Natto is made by fermenting steamed soybeans with bacillus natto. Nattokinase is a component produced during the fermentation process of the natto bacillus. As the name “Natto” suggests, it is a special enzyme found only in natto, and is one of the components of the sticky substance.

One of the most outstanding functions of Nattokinase is its ability to dissolve blood clots and make the blood thinner.

Blood clots are more likely to form at night while sleeping than during the day. Therefore, by eating natto for dinner, Nattokinase plays an active role in the blood.

He said, “During sleep, water is in short supply, and blood becomes sluggish at dawn. If there is Nattokinase in the blood at that time, it dissolves clots and keeps the blood smooth.

It takes several hours for it to be absorbed into the body, so the best time to eat it is at dinnertime. It is not recommended to eat it right before bed. Digestion and absorption will keep the gastrointestinal tract working during sleep, which may worsen the quality of sleep.

Nattokinase also prevents high blood pressure by thinning the blood and lowering cholesterol levels.”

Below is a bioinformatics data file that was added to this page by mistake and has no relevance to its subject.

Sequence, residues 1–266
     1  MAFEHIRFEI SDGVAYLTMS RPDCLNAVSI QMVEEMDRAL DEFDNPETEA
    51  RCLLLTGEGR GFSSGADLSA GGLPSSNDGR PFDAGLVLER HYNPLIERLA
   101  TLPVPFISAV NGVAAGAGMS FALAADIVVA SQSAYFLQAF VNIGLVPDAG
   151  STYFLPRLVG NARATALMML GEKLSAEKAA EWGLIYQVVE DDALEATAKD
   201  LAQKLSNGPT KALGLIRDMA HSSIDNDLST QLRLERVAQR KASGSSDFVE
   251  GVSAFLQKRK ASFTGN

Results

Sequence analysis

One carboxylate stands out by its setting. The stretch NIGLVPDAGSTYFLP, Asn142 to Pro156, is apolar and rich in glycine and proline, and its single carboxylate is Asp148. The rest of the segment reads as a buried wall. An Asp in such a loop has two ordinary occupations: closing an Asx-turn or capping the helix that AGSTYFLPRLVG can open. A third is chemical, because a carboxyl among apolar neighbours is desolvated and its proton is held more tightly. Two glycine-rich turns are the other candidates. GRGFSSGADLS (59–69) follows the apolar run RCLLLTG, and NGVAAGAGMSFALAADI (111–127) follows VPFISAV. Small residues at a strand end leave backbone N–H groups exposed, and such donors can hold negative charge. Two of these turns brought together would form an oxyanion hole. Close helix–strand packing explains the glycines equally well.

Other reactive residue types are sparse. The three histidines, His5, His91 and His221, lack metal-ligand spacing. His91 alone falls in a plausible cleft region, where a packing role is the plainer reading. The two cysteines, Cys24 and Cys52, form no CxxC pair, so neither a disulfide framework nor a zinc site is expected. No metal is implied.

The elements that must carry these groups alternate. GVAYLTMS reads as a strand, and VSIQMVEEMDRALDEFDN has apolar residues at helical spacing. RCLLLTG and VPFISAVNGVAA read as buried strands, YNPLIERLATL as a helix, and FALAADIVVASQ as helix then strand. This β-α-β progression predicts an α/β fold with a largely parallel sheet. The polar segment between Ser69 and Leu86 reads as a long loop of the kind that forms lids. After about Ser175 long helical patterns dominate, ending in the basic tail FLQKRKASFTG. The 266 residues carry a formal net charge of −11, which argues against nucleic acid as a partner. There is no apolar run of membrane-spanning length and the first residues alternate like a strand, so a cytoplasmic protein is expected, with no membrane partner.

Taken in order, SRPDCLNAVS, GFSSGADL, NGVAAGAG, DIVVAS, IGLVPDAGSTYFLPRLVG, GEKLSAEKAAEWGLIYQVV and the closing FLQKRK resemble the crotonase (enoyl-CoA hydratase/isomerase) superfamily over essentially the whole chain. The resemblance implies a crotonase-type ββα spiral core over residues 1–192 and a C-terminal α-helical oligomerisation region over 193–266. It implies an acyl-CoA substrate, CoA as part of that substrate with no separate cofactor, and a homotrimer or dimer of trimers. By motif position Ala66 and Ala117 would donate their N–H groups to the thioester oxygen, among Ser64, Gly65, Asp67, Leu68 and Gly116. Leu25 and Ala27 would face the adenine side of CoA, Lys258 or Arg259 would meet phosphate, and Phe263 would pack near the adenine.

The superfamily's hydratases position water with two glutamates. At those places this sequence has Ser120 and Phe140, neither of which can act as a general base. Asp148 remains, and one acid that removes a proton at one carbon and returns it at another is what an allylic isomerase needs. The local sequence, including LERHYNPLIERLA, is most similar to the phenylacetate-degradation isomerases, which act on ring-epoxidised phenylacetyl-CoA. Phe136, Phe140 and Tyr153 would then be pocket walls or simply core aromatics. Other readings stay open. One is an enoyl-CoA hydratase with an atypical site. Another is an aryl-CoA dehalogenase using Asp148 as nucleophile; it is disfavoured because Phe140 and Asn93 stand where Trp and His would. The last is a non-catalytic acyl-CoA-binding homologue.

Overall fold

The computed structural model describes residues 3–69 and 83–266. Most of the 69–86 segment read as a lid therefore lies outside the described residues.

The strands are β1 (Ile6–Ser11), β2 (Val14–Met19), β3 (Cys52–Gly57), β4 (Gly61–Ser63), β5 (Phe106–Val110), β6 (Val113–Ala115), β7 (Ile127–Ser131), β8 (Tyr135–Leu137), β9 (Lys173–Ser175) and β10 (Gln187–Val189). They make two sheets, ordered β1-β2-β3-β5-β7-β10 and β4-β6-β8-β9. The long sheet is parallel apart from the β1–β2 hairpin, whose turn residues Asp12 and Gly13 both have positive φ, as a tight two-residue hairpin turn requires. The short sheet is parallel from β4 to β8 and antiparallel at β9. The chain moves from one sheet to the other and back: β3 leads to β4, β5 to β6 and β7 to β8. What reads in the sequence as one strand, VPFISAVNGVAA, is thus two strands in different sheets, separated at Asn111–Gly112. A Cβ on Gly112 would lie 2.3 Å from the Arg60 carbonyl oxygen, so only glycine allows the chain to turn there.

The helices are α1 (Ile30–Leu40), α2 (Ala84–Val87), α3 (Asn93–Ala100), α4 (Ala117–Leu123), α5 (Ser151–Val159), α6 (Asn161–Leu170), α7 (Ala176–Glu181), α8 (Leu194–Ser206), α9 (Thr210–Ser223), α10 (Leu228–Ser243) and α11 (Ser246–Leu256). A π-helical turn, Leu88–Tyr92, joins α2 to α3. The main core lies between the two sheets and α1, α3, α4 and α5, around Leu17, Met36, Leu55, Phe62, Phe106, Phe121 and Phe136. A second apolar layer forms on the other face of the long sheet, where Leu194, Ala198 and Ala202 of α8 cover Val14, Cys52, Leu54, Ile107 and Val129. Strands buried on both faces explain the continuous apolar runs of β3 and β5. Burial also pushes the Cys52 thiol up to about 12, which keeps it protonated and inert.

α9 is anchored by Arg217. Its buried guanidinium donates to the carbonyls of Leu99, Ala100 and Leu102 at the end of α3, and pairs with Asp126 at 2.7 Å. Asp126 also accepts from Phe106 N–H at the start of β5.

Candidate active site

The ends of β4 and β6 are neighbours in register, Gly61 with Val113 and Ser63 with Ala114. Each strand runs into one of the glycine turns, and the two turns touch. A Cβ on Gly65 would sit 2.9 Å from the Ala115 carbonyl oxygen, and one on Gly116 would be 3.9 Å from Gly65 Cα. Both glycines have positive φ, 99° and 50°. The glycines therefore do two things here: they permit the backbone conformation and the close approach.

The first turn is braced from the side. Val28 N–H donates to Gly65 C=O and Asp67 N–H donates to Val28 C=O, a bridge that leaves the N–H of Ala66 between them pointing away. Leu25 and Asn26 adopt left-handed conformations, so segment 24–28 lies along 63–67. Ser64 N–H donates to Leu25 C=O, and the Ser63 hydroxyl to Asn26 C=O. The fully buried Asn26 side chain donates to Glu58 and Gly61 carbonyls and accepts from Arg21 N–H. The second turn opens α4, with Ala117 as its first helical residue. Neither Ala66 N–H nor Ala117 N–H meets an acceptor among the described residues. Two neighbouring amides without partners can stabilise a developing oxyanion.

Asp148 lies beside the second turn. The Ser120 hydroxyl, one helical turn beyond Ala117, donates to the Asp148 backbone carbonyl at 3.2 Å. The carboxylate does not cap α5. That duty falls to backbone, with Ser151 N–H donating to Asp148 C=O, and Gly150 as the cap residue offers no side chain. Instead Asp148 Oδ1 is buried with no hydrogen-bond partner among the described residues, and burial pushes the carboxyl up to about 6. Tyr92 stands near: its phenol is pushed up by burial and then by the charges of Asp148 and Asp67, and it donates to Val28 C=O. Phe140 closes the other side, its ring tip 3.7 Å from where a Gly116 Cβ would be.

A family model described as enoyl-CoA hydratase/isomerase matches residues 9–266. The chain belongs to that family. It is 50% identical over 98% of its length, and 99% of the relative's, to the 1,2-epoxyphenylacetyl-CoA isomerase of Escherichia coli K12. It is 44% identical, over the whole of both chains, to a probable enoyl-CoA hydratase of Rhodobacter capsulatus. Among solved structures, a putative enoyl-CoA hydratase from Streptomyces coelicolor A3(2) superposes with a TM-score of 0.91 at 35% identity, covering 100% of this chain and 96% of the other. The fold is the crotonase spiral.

Natto fried rice, natto omelette… Nattokinase is destroyed when heated.

Eat natto at night rather than in the morning. In addition, there are other tips on how to eat natto in a healthy and tasty way. One of them is to avoid heating.

Enzymes are weak against heat, and Nattokinase is also deactivated by heating, which prevents the enzyme from working well. Therefore, if you want the blood-thinning effect, avoid heating dishes such as natto fried rice and natto omelette.

Natto gohan, which many people eat, is a great way to consume Nattokinase without deactivating it.

Nattokinase is not affected by the temperature of cooked rice, which is around 60 degrees Celsius, so it does not affect the function of Nattokinase. We can take all the power of Nattokinase by pouring it over rice, eating it as it is, or using it in dishes that do not require heating.